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What brokers and agents can do to help clients prepare for disaster — and help their personal insurance business in the process

A recent survey by the Independent Insurance Agents & Brokers of America (IIABA) found that many homeowners lack adequate insurance coverage, do not understand their Homeowners policies and are financially unprepared for a disaster.

As eye-opening as those findings might seem, they also reveal an opportunity for brokers and agents to educate their clients, then connect them with the coverage they need to protect themselves and their assets if disaster strikes. Personal insurance experts Bill Gatewood, Vice President and Director, Personal Insurance, Burns & Wilcox, Corporate Headquarters, Donna Dodd, Vice President and Director, Personal Insurance, Burns & Wilcox, and Madelyn Flannagan, Vice President of Agent Development, Education, and Research at IIABA Trusted Choice, offer their insights on what it takes to make coverage connections in today’s marketplace.

Q. What are some of the common misunderstandings homeowners have around insurance coverage?

Bill Gatewood: Many do not understand that flood is not covered under common Homeowners policies, or they think that they do not need flood insurance. People may hear terms such as 100-year or 500-year flood that lead them to think a flood will not happen to them. Unfortunately, when they have six feet of water in their living rooms, they learn the hard way that it can happen.

Madelyn Flannagan: Many homeowners do not understand how contents are covered under a policy. Sometimes people assume they have replacement coverage when they do not. If people have a fire or theft and lose some high-value items, it becomes a big issue. They also do not understand that things they do can impact coverage, such as leaving their homes vacant for a period of time, which can cause coverage to lapse.

Q. What are some of the effective strategies brokers should be using to help homeowners?

Donna Dodd: Even if people understand flood exclusions, they may not address them. Less than seven percent of those in at-risk areas carry Flood insurance. Even though brokers quote Homeowners insurance often, they are not as familiar with Flood coverage. They should quote Flood insurance with every Homeowners quote and let the client decide if they want to purchase the coverage. Familiarizing both the broker and the client is key to getting homeowners to purchase the coverage.

Gatewood: Brokers also need to be risk managers and go through the same review process with homeowners that they would go through with commercial clients. There is a real need for brokers and agents to have conversations with their clients around things that are excluded in a policy, in particular explaining that flood is not covered, to help them make educated decisions.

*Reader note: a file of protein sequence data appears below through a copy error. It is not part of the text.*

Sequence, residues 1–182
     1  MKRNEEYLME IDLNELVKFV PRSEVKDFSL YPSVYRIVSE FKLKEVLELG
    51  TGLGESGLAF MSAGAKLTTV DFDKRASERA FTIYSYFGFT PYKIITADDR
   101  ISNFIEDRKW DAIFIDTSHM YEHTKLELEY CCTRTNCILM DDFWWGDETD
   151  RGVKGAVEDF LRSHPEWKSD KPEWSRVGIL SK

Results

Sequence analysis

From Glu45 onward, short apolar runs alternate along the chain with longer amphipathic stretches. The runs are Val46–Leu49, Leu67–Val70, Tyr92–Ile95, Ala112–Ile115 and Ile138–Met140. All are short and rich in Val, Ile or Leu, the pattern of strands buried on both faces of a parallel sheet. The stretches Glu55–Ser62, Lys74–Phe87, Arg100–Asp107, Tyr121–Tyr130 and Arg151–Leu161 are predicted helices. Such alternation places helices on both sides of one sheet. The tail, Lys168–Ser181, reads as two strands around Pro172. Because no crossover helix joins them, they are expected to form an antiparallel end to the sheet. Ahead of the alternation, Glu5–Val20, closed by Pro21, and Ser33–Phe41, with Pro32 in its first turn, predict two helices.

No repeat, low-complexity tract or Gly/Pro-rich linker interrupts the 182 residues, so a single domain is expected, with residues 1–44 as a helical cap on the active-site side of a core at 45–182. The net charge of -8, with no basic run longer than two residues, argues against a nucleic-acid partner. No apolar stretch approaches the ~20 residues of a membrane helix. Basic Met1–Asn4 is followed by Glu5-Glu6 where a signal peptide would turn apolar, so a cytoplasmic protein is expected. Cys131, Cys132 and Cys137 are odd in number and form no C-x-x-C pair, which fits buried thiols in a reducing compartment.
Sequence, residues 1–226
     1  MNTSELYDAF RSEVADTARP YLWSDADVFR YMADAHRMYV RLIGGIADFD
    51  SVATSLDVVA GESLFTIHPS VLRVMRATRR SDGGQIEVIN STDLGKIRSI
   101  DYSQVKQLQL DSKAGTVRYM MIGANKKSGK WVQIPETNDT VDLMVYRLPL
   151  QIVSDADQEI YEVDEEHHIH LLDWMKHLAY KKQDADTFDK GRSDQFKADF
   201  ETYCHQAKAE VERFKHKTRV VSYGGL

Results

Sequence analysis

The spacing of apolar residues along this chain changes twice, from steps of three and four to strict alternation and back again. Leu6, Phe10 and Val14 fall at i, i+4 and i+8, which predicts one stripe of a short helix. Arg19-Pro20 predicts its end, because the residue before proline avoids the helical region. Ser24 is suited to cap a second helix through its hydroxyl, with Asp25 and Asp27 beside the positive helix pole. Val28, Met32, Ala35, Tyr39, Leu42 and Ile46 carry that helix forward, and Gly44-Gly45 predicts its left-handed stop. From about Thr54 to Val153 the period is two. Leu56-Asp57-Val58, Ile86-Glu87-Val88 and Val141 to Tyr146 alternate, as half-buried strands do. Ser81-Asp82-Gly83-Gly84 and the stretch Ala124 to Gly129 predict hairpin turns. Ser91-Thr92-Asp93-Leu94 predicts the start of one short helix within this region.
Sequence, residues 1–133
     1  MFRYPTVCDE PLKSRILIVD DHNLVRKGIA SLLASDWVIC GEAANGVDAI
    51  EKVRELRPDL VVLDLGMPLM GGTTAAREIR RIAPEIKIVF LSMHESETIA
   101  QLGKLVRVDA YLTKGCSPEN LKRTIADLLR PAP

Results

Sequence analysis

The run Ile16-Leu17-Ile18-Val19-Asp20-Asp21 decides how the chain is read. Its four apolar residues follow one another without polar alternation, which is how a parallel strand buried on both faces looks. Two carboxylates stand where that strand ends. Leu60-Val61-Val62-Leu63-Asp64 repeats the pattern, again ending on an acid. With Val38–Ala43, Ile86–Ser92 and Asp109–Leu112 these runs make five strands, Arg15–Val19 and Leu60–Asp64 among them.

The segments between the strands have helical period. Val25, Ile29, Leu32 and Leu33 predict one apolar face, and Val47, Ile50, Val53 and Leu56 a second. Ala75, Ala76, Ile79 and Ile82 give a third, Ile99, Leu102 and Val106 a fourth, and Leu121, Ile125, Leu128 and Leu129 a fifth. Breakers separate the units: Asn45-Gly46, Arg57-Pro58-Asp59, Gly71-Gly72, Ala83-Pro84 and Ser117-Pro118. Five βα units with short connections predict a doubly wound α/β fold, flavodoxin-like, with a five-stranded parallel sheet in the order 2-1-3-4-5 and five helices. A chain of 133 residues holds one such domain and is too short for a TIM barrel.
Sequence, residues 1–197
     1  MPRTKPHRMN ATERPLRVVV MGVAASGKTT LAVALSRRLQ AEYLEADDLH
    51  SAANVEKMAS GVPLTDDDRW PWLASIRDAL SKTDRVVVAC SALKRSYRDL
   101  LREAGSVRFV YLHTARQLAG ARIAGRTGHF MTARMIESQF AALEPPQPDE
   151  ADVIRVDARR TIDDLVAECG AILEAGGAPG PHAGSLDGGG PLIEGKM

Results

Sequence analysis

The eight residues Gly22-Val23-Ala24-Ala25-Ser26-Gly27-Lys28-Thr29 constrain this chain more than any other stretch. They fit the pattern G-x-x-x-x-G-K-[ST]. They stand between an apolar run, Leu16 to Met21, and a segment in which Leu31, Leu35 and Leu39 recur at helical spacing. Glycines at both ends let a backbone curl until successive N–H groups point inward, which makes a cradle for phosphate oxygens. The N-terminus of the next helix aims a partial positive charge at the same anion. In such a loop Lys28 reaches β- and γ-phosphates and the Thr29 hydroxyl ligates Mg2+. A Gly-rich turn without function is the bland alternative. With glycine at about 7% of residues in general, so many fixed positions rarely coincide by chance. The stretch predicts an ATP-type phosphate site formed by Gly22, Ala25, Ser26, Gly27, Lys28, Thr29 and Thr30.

Flannagan: I am a big proponent of meeting with clients at least annually and walking through changes made to a home since it was first written. A lot of folks make changes and additions without telling their broker. Particularly with the online tools and apps available for cataloguing contents, brokers can easily provide assistance to their clients.

Q. Changes are taking place in Flood insurance. What do brokers and homeowners need to know? How can brokers capitalize on the opportunity presented by those changes?

Dodd: Those most at risk for flood who do not purchase coverage say the coverage they need for basements or additional living expenses is not available under the National Flood Insurance Program (NFIP). Allowing private insurance to compete with the NFIP will help bring the rates down and supplement the coverages previously not offered by the NFIP. Congress is working on passing a bill that requires lenders to accept private Flood coverage in lieu of the NFIP where coverage on a home is mandatory to closing a loan.

Q. In addition to providing proper insurance coverage, how else can brokers help homeowners be better prepared if disaster strikes?

Gatewood: Insurance brokers and agents should work together with financial planners, who are trying to help consumers invest and grow their finances. Part of that should include a smart risk management strategy to protect that wealth. There are opportunities for brokers to elevate themselves in the eyes of the client. If clients lack a Personal Umbrella policy, a large judgment can wipe them out. Similarly, if clients lack adequate Homeowners coverage, it could cause a significant financial loss.

Flannagan: Sitting down with clients to make sure they understand deductibles and make choices around deductibles that fit their financial situation is essential. Many people are unprepared for disaster, with more than half having just enough savings for three months or less of expenses. Over 28 percent could not sustain their household for even a month. Saving money is part of risk management, along with insurance, and brokers should stress that to clients.

Q. What specific advantages do independent brokers and agents have when it comes to managing risk for homeowners?

Flannagan: A lot of people are researching coverage online, but a recent survey says that at least 70 percent turn around and ask a broker for help. Brokers and agents can walk through the insurance-buying process with clients in a way that is difficult to do online. Independent brokers and agents also have a multitude of policy forms and specialized coverages to offer.

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